Brazil Futures Rate Rises to Five-Month High on Inflation, China

Brazil’s yield on the most traded interest-rate futures contract rose to a five-month high as inflation quickened more than expected and as commodities rallied after manufacturing in China climbed in November.

Investors raised bets the central bank will increase its benchmark rate to curb price growth, with the yield on the contract due in January 2012 surged 8 basis points to 12.07 percent at 6:30 a.m. in New York, the highest intraday level since July 1. Yields on most other contracts due before 2014 also rose.

Consumer prices as measured by the IPC-S index rose 1 percent in November, the Getulio Vargas Foundation said today. That’s the fastest acceleration since January, and more than the 0.9 percent median estimate of 16 economists surveyed by Bloomberg.

Prices of copper, soy and oil climbed and the real strengthened as the Purchasing Managers’ Index in China, Brazil’s biggest trading partner, grew more than expected in November, climbing to 55.2 from 54.7 the previous month, boosting the outlook for the global economy and purchases of higher-yielding, emerging-market assets.

“Rates are reflecting the increase in commodities and the transmission of that to local prices,” Yann Grandjean, chief exnomist at Fundacao Petrobras de Seguridade Social, which oversees 45 billion reais ($26 billion) in assets, said by telephone from Rio de Janeiro today.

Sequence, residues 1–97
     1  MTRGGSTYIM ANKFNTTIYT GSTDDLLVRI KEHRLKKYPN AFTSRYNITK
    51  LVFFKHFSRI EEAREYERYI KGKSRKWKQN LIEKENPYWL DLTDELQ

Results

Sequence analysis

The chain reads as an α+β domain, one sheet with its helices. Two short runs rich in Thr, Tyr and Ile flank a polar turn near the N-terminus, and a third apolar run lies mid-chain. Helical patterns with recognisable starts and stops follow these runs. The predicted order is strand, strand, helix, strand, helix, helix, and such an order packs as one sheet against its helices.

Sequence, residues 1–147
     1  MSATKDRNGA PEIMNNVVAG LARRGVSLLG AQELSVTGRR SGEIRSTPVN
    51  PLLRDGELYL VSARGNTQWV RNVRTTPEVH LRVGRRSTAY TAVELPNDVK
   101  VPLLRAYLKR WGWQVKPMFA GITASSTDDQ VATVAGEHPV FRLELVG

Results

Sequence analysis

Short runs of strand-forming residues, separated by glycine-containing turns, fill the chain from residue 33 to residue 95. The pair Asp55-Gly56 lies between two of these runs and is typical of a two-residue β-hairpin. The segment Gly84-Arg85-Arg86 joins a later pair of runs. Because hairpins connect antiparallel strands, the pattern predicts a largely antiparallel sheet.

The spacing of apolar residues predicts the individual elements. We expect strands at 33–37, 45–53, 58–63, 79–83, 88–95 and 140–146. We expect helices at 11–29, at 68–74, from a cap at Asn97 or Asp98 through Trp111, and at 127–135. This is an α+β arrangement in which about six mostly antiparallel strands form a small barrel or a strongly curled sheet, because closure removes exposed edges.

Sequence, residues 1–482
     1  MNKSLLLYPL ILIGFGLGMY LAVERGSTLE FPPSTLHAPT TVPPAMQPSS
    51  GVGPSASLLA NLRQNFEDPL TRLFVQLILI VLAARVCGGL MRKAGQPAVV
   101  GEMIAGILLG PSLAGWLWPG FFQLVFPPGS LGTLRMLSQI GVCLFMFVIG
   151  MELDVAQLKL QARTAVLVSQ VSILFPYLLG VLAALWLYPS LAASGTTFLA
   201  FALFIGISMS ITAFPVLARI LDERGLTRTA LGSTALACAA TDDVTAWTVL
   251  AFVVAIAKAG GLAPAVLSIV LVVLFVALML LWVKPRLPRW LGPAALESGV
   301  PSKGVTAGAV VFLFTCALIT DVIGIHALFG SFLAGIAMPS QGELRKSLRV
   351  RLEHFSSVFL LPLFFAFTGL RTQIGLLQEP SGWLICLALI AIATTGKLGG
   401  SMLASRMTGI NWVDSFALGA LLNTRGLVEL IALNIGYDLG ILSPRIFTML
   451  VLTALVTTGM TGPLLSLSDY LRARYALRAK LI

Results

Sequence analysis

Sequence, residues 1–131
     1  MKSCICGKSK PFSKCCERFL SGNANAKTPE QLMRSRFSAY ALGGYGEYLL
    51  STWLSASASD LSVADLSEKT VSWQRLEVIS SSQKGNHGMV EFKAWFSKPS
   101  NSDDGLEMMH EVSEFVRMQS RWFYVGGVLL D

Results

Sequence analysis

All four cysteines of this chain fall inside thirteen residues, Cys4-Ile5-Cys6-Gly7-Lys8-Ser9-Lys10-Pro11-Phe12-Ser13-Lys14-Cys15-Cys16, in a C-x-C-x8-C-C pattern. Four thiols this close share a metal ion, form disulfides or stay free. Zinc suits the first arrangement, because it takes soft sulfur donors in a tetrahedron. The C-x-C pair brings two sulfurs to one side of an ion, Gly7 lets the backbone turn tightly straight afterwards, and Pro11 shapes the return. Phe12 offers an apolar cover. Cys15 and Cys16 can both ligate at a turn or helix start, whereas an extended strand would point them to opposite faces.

The real appreciated to the strongest level in three weeks versus the dollar, trading 0.5 percent up at 1.7051 from a close of 1.7143 yesterday.

Real Strength

“The market livened up with the Chinese data,” Francisco Carvalho, a director at Sao Paulo-based BGC Liquidez DTVM Ltda., said in a telephone interview today. “Expectations of tightening in rates prevent the real’s depreciation.”

The currency of Latin America’s biggest economy has rallied 36 percent since the start of 2009, making it the best- performing emerging-market currency over the period, as near- zero interest rates in developed nations prompt investors to seek higher yields. Brazil’s benchmark Selic interest rate, compares with rates of 0.25 percent in the U.S. and 0.1 percent in Japan.

To contact the reporter on the story: Ana Monteiro in Johannesburg at amonteiro4@bloomberg.net

To contact the editor responsible for this story: Francisco Marcelino at mdeoliveira@bloomberg.net

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